Why Path's FTC settlement differs from Twitter's or Facebook's

If a recent settlement announced by the FTC is eventually approved by a court, Path will join Twitter and Facebook in the ranks of social media companies who have agreed to subject at least certain of their privacy practices to government oversight for years to come.

Like Twitter and like Facebook, Path is faulted for not following the standards that it told users it would follow.

Exhibit A ftc path complaintPictured is Exhibit A from the FTC's complaint against Path. The complaint alleges that the design of version 2.0 of the Path App for iOS was deceptive, because it implied to a user that she had control over whether contacts were exposed to Path, or not. Instead, the complaint alleges, "regardless of whether the user elected to 'Add Friends,' Defendant automatically collected personal information from users' mobile device contacts (also known as the user's 'address book') and stored the personal information on Defendant's servers. For each contact in the user's mobile device address book, Defendant automatically collected and stored the following personal information, if available: first name; last name; address; phone numbers; email addresses; Facebook username; Twitter username; and date of birth. . . . Contrary to the representation made by the Path App's user interface . . . Defendant automatically collected and stored personal information from the user's mobile device contacts even if the user had never selected the 'Find friends from your contacts' option."

The point that a social media company can get into legal trouble for violating standards the company sets for itself, that is hard for some to fathom. Many people assume the trouble must follow violations of a prescribed regulatory standard, some minimum threshold of objective privacy protection that all companies dealing in personal information should meet. That's not the typical case, however. (Aside: Path did indeed get in trouble for violating positive standards that apply when dealing with children.)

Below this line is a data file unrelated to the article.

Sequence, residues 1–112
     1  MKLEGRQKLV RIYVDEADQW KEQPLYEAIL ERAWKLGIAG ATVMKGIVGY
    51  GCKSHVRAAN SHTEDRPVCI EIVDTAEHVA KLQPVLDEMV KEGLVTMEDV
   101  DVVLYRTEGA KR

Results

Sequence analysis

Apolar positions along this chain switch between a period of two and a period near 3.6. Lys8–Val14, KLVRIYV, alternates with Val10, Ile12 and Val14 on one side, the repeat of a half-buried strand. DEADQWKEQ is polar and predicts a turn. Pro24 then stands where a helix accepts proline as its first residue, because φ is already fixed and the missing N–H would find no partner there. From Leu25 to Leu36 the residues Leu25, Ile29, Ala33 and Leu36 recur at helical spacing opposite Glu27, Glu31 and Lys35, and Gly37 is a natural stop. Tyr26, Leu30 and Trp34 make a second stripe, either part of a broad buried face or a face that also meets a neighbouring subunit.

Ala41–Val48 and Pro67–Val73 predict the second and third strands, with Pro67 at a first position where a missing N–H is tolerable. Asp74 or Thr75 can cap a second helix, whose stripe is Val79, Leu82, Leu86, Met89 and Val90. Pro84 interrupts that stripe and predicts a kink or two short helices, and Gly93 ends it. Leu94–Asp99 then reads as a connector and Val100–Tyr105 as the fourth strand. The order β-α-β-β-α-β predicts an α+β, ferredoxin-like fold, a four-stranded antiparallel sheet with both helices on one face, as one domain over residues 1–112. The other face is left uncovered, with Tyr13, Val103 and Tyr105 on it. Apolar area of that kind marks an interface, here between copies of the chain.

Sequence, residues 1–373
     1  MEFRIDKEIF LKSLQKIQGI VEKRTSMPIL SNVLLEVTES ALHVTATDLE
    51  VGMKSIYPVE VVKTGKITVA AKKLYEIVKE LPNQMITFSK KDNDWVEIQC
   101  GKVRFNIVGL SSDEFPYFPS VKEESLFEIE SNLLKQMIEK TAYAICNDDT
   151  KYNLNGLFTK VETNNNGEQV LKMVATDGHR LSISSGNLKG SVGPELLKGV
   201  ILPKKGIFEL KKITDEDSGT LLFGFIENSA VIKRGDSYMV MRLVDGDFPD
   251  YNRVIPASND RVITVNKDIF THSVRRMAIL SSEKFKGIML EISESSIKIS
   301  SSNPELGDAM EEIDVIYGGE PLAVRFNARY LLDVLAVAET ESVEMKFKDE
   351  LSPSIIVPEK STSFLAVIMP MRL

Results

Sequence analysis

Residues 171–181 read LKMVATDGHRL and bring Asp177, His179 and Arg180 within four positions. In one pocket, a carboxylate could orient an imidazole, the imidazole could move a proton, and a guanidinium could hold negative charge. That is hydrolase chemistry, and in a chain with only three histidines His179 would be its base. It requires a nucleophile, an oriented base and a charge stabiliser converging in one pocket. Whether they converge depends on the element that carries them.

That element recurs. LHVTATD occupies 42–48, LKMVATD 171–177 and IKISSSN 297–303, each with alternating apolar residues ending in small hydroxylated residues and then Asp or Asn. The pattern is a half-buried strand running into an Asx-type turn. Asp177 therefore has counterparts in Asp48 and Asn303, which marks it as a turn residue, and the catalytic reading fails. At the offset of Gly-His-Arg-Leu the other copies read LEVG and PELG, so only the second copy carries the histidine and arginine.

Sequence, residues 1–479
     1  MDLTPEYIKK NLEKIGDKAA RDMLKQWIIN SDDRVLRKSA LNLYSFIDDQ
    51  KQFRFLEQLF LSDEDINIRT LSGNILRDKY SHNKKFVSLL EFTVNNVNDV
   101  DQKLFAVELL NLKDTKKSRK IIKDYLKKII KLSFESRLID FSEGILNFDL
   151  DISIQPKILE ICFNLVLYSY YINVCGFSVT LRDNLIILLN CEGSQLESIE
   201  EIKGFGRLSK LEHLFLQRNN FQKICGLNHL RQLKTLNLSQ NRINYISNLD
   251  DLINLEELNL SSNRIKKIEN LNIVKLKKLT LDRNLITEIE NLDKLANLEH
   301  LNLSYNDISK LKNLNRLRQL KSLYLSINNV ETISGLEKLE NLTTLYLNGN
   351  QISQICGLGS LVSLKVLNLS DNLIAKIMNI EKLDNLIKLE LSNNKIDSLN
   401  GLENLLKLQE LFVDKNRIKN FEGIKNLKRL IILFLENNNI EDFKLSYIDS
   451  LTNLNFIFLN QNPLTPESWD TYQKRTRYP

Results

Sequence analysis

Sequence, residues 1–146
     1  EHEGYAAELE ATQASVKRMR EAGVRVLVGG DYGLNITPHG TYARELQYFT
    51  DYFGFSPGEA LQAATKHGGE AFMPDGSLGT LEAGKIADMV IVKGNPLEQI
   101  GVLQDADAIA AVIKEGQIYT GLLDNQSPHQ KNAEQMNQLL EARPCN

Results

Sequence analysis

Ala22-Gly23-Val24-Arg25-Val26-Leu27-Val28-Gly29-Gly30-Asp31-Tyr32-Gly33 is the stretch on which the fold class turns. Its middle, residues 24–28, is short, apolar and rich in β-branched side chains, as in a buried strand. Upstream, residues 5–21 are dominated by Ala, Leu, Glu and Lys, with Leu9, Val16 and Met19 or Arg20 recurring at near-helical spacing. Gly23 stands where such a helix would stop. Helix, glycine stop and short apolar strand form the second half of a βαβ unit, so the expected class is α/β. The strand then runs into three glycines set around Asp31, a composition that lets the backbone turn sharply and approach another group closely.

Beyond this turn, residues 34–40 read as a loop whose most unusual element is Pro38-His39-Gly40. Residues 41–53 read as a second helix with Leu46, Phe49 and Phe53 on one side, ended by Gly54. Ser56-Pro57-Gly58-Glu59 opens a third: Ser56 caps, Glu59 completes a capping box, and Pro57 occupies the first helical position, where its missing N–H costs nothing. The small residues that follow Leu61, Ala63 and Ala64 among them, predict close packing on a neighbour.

For instance, as I wrote about two and a half years ago in a post on this blog titled Bitter Twitter Boilerplate, Twitter got into trouble with the FTC for making this kind of statement to users:

"Twitter is very concerned about safeguarding the confidentiality of your personally identifiable information. We employ administrative, physical and electronic measures designed to protect your information from unauthorized access."

Vague as the promise was, Twitter apparently was unable to point the FTC to any reasonable measures designed to protect user information.

For its part, Facebook made a number of unqualified, negative assurances to users, all of which the FTC alleged were false. These included the statement "we do not give your content to advertisers." (For a laundry list of Facebook's broken promises, see this post I wrote for Geekwire, Why Facebook's privacy settlement may not be a done deal.)

The broad implication of Twitter's settlement was - and remains- that it's better to have no privacy protections, than to state or imply that you have protections that are not in fact in place. The upshot of Facebook's settlement is, you shouldn't lie to users.

In a sense, Path repeated the errors made by Twitter and Facebook and compounded them. Instead of non-existent processes, Path did indeed have sophisticated processes dealing with personal information; it's just that those processes were deliberately siphoning user information, by default, in flat out contradiction of an assurance that users would be in total control: 

"Path should be private by default. Forever. You should always be in control of your information and experience."

Now, just as with Twitter and Facebook before it, Path does not appear to be admitting the FTC's allegations to be true. (Judge Rakoff, we need you; but that is another topic.) So we have to assume Path had no malice nor intent to deceive. Even so, it's hard to imagine how this kind of disparity between promise and practice could occur. Perhaps the people designing the Path app and those writing the Path terms of service had never spoken with one another, and neither group had a common report.

Here's a big difference between the FTC proposed settlement with Path and the prior settlements with Twitter and Facebook: Path alone among the three has been fined. The amount is not trivial for a struggling startup: $800,000. I think the fine arises out of alleged violations of the Children’s Online Privacy Protection Act, pursuant to which there are in fact objective standards for online businesses to follow.

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